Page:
In the past few months, we’ve found ourselves devoting our attention to things that aren’t typically at the forefront of our awareness. In a 2015 TED talk, Bill Gates predicted a pandemic — he’s been talking about it for years. But until now, none of us paid much thought. Suddenly, pandemics are all that anyone can talk about.

We’ve all learned an entirely new language. Terms like:  cluster – droplet – transmission – personal protective equipment – super-spreader – R-naught – have crept their way into our casual conversations with friends. 

It’s undeniable that our brains have been consumed with new subject matter in the past few months. Despite the flurry of new information, please don’t neglect some of the most basic elements of your life that keep you healthy and strong!

Our typical routines for staying healthy probably don’t often require too much brain-space because they’ve been so fully-integrated into our set of daily habits. But now that we’re forced to look at things from a different perspective, it’s important to ensure that some of your regular immune-supportive activities have not fallen to the wayside. 


1. Stay active!

Folks who know me are aware that I practice a lot of yoga.



Under normal circumstances, I practice daily with only a few exceptions here and there. Literally. I’ll miss one day of yoga, once every few years. (And sometimes, I count.) I used to qualify consecutive-streak classes only if I showed up to the studio in-person. I’ve obviously had to adjust my standards a bit under pandemic conditions. There were 2 days in March when I wasn’t in the heat but I still practiced at the North Location. (We didn’t use the heat as to avoid overheating the LiveStream equipment.) And every day since, I’ve been cranking up the heat in my tiny bathroom and practicing a full 90 minutes accompanied by one of the many selections available on the PURE YogaTV Video-On-Demand page

(For more on at-home-hot-yoga from the PROs: check out this instructional video our teachers Ellie and Brooke posted right away in March 2020


Physical activity isn’t only to help you look good. Activity is the tool to help decrease your risk of illness. By moving your body, you are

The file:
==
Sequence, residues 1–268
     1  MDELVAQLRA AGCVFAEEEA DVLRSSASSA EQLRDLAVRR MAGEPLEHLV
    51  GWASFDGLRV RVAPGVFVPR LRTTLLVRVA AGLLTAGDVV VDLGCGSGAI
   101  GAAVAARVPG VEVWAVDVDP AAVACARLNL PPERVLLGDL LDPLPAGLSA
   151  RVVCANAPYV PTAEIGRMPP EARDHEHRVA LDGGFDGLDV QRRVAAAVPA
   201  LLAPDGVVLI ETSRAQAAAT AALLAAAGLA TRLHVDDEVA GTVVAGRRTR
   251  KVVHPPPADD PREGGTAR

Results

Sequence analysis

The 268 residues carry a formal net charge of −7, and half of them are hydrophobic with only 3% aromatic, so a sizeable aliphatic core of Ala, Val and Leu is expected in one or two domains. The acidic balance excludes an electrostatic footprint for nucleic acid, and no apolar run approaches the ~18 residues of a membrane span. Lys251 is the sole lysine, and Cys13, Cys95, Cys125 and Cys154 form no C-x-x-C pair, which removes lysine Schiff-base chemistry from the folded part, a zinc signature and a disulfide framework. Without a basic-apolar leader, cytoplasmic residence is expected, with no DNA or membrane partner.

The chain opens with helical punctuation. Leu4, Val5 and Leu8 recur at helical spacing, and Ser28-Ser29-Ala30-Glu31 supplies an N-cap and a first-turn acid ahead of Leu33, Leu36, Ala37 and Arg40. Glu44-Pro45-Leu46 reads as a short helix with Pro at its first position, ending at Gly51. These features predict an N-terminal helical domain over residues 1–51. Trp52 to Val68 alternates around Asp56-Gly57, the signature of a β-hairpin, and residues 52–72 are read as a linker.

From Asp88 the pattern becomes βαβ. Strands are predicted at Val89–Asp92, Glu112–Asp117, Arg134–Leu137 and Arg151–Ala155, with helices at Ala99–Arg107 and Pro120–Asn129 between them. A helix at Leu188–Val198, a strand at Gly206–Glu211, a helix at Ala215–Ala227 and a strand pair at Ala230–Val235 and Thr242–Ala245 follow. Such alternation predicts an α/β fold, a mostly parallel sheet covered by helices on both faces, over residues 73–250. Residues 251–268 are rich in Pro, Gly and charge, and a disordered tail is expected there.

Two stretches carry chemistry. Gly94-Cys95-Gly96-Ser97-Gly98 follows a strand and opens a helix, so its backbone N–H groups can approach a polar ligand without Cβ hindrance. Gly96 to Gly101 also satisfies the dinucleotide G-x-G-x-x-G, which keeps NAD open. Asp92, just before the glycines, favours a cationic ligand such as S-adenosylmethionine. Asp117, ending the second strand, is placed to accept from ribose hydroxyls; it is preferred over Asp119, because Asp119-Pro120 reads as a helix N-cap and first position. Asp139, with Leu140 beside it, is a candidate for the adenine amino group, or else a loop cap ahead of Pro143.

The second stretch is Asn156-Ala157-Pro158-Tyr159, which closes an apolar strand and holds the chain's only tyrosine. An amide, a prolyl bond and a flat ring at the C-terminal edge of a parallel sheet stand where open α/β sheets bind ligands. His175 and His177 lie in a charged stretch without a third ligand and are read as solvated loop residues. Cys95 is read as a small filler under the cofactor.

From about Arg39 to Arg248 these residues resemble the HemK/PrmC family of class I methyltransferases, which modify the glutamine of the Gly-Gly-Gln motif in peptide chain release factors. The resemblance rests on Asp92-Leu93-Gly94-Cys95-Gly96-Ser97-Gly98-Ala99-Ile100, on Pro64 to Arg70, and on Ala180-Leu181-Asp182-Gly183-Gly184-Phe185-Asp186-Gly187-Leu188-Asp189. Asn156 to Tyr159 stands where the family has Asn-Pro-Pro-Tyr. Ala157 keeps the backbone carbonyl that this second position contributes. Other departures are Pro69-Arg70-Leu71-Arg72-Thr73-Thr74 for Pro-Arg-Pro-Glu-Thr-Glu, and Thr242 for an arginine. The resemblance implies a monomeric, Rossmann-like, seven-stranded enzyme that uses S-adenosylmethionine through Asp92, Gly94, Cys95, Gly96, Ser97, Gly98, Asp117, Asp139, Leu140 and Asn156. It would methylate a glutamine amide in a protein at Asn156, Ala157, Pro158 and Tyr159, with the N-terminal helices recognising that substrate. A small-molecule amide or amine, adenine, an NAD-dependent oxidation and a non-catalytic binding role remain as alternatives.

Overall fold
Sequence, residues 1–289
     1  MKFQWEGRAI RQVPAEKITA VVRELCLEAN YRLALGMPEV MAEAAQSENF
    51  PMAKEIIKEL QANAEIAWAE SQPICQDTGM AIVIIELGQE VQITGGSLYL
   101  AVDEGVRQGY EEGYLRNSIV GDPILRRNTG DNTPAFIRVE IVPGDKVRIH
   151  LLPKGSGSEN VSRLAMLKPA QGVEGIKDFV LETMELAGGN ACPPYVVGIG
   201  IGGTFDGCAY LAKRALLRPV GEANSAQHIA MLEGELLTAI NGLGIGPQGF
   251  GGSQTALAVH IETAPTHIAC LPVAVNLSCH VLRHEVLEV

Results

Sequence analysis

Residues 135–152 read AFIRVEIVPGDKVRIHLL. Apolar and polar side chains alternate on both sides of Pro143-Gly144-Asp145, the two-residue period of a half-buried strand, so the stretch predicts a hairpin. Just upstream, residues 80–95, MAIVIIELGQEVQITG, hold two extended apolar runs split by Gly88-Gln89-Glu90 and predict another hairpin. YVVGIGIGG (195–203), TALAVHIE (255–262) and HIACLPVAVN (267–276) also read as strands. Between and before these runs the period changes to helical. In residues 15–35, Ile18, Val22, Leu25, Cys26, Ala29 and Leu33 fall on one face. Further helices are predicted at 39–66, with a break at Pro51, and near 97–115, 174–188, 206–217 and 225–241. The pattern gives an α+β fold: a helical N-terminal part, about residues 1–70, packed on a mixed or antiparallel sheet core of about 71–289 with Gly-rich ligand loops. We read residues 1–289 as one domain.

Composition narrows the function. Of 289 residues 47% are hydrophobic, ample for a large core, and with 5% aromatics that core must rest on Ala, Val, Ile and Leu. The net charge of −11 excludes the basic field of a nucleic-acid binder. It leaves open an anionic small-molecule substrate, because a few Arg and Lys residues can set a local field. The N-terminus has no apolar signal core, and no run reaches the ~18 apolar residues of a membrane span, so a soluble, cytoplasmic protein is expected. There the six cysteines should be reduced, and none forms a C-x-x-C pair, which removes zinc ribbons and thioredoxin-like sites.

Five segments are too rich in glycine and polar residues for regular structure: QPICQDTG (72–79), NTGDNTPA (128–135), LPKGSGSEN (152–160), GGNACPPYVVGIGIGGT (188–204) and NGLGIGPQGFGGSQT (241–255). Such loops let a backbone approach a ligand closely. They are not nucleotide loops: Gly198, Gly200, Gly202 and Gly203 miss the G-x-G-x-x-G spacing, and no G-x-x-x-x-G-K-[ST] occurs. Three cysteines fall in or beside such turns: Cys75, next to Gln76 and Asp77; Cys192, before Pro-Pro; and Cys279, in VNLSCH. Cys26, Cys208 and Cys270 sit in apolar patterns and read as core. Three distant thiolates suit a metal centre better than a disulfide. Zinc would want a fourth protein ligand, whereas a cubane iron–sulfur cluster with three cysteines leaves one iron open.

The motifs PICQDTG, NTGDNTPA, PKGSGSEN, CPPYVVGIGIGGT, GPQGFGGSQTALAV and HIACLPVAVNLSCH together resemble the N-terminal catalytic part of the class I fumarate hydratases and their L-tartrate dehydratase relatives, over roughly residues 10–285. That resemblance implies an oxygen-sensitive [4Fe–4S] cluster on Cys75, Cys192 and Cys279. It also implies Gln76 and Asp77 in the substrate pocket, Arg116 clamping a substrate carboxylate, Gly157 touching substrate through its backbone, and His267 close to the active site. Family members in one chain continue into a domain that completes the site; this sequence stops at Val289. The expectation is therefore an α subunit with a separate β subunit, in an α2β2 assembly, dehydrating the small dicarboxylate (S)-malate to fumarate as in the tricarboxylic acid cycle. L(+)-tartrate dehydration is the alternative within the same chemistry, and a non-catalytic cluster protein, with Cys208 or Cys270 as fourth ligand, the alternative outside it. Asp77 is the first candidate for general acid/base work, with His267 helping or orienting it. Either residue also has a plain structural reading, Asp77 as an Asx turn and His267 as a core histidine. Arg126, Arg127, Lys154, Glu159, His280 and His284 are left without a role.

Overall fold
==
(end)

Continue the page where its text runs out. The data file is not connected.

• improving your mental health
  • regulating hormones
  • improving immunity

But whether you choose to practice a formal yoga class from home or you’ve got other tricks up your sleeve, it’s agreed that the most important thing is to keep moving!


Even if you’re simply walking from bedroom to kitchen to office to living room. Get up out of your seat periodically; walk up and down the stairs. Even the smallest amount of activity will stimulate the body’s skeletal muscle pump and help to increase circulation to help transport nutrients and oxygen at increased rates. 


2. Be smart about nutrition

I’m the type of guy who goes to the grocery store everyday. Heck, even sometimes multiple times per day. In order to conform to stay-at-home protocol, my entire nutrition routine has been flipped upside down. It’s much more difficult for me to keep fresh fruits and veggies in the house these days. So, my shopping trips must be calculated and strategic. But I still do make it a point to ensure that I have fresh raw greens in some capacity. (Sometimes, I’ll just go for cold-pressed green juices because they have a longer shelf-life.)

I’ve never been one to deprive myself of a taco. Ever. But nutritional balance is always important. As with any system of the body, the robust nature of your immunity depends on the fuel that you’re providing. There’s no denying that people who live in poverty and are malnourished are more vulnerable to infectious diseases

Micronutrients are important.

  • Broccoli is packed with vitamins A, C, and E, as well as fiber and many other antioxidants
  • Citrus fruits & red bell peppers can provide you with the most Vitamin C
  • Spinach is not only another great source of vitamin C but it also contains antioxidants and beta carotene which can increase your ability to fight infection
  • Nuts: The vitamin E found in almonds is a powerful antioxidant which is key to a healthy immune system
  • Ginger! No list of immune-strengthening foods would be complete without my favorite. Aside from being delicious, ginger can decrease inflammation and help soothe a sore throat